Aug. 11, 2010
This morning no sound but the loud
breathing of the sea. Suppose that under
all that salt water lived the god
that humans have spent ten thousand years
trawling the heavens for.
We caught the wrong metaphor.
Real space is wet and underneath,
the church of shark and whale and cod.
The noise of those vast lungs
exhaling: the plain chanting of monkfish choirs.
Heaven's not up but down, and hell
is to evaporate in air. Salvation,
to drown and breathe
forever with the sea.
Today begins the holy month of Ramadan, Islam's most sacred time of year. It celebrates when Muhammad went to the desert, encountered Allah in the form of the archangel Gabriel, and received the scriptures that form the Qur'an.
There are about 1 billion Muslims around the world observing Ramadan. Muslims past the age of puberty are required to fast from sunrise to sundown this month. It is a strict fast — no food or water is allowed during daylight hours, and neither is smoking. Elderly people and sick people are exempt from fasting.
The point of the sacrifice is to become closer to God, to practice self-discipline, and to aid in self-purification. Each evening of Ramadan, the fast is broken after the sunset call to prayer with a meal called the iftar.
In many parts of the world, Ramadan is the most festive time of the year as well as the most solemn time. In places like Cairo, fancy restaurants serve all-you-can eat gourmet iftar buffets, and the city packs a month full of Ramadan nightlife into the calendar — concerts and theater and open-air dancehalls. All of this happens without alcohol, of course.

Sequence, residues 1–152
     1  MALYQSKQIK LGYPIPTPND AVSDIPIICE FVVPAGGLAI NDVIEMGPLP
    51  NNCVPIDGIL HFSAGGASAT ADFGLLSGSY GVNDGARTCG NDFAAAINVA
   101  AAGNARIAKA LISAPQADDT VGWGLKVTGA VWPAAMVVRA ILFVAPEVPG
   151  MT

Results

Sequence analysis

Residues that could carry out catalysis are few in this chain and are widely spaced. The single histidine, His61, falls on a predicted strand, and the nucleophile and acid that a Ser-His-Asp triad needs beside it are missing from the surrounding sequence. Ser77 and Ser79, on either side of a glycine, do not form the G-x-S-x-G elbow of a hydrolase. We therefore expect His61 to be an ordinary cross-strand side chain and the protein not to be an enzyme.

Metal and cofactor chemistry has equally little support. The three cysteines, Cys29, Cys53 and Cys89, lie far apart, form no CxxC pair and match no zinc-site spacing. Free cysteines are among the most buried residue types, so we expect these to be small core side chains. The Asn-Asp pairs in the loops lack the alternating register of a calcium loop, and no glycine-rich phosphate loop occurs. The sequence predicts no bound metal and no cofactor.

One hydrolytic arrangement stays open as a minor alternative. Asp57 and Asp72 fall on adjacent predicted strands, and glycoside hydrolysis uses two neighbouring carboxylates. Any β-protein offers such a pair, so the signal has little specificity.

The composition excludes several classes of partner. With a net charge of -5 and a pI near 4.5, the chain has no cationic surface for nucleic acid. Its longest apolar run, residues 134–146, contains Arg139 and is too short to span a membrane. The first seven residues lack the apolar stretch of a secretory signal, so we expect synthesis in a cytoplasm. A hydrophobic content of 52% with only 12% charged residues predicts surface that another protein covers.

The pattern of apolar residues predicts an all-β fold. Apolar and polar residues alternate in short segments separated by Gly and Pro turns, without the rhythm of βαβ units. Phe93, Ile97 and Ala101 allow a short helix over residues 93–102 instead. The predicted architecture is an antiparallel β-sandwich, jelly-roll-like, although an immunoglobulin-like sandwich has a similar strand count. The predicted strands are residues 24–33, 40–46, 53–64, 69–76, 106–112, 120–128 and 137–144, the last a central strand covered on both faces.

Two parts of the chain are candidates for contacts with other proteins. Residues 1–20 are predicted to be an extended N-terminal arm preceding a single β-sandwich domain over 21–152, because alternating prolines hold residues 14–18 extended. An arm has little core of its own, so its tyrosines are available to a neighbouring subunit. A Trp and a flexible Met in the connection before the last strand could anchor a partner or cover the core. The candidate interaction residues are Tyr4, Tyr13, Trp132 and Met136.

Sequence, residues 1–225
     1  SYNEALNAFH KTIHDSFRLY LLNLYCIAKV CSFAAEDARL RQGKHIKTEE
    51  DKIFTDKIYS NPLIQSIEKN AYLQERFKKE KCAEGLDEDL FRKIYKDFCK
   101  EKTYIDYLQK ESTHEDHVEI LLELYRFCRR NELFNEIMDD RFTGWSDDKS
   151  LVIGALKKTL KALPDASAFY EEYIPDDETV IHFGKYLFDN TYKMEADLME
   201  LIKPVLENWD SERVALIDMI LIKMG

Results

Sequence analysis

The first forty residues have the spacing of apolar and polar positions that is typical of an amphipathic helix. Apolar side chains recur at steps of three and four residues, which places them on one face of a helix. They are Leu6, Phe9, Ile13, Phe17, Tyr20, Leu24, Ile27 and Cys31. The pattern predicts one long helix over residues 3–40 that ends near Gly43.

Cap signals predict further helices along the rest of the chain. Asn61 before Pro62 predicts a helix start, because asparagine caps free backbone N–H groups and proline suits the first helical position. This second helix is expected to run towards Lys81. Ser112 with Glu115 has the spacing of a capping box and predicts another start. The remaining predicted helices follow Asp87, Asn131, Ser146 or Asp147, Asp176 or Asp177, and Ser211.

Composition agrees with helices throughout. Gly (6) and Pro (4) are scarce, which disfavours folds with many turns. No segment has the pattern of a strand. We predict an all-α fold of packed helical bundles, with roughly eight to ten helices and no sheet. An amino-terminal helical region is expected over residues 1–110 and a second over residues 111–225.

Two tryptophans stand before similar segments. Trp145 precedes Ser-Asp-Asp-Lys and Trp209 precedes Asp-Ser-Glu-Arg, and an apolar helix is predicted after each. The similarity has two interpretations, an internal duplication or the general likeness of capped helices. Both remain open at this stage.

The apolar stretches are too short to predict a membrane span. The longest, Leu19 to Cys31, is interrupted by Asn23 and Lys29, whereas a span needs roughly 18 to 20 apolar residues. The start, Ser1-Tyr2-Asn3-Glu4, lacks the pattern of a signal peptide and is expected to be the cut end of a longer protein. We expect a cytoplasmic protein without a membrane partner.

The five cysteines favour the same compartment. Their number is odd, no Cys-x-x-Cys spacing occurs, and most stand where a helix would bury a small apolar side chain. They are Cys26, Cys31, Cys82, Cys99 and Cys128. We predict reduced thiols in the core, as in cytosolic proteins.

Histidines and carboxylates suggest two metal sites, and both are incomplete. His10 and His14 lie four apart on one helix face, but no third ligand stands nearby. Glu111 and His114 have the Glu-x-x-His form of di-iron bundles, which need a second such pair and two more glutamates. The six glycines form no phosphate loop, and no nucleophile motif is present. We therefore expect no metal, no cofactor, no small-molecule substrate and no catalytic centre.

Ramadan ends exactly one lunar month after it begins, with the sighting of the new moon. It's followed by a three-day feast called Eid al-Fitr, the Celebration of the Breaking of the Fast. People travel to be with their families or take a vacation from work. And everyone eats plenty.
At the time of her death, she was working on a novel called The Buccaneers.It's about five wealthy American girls who set out to marry landed (but poor) Englishmen, so that they might assume English feudal titles to their names, such as "baroness" or "duchess" or "lady of the manor."
Although Wharton didn't complete the manuscript for The Buccaneers, she continued writing right up until she died. She lay in bed and worked on the novel, and each page that she completed she dropped onto the floor so that it could be collected later, when she was done. An unfinished version was published the year after her death, in 1938. In the 1990s, scholar Marion Mainwaring compiled and studied Edith Wharton's plot summary and notes about The Buccaneers and completed the story. Her version was published in 1993.
In 1986, the Guinness Book of World Records listed her under "Highest IQ." Parade magazine then ran a profile of Ms. Vos Savant, including some questions from Parade readers along with her answers. At was going to be a one-time thing, but the reader questions kept coming in. And so "Ask Marilyn" became a weekly Sunday column, where readers could write the high-IQ woman with their logic conundrums or mathematical or vocabulary dilemmas.
She held the "Highest IQ" record through 1989, and then the Guinness Book quit listing the category — IQ tests are not an exact science, and they're also controversial. But Marilyn vos Savant has continued to write the "Ask Marilyn"Sunday Parade magazine column for the past two decades.
She's the author of several books, including The Power of Logical Thinking: Easy Lessons in the Art of Reasoning ... and Hard Facts about Its Absence in Our Lives (1996), and Growing Up: A Classic American Childhood (2002).
She once said, "If your head tells you one thing and your heart tells you another, before you do anything, you should first decide whether you have a better head or a better heart."
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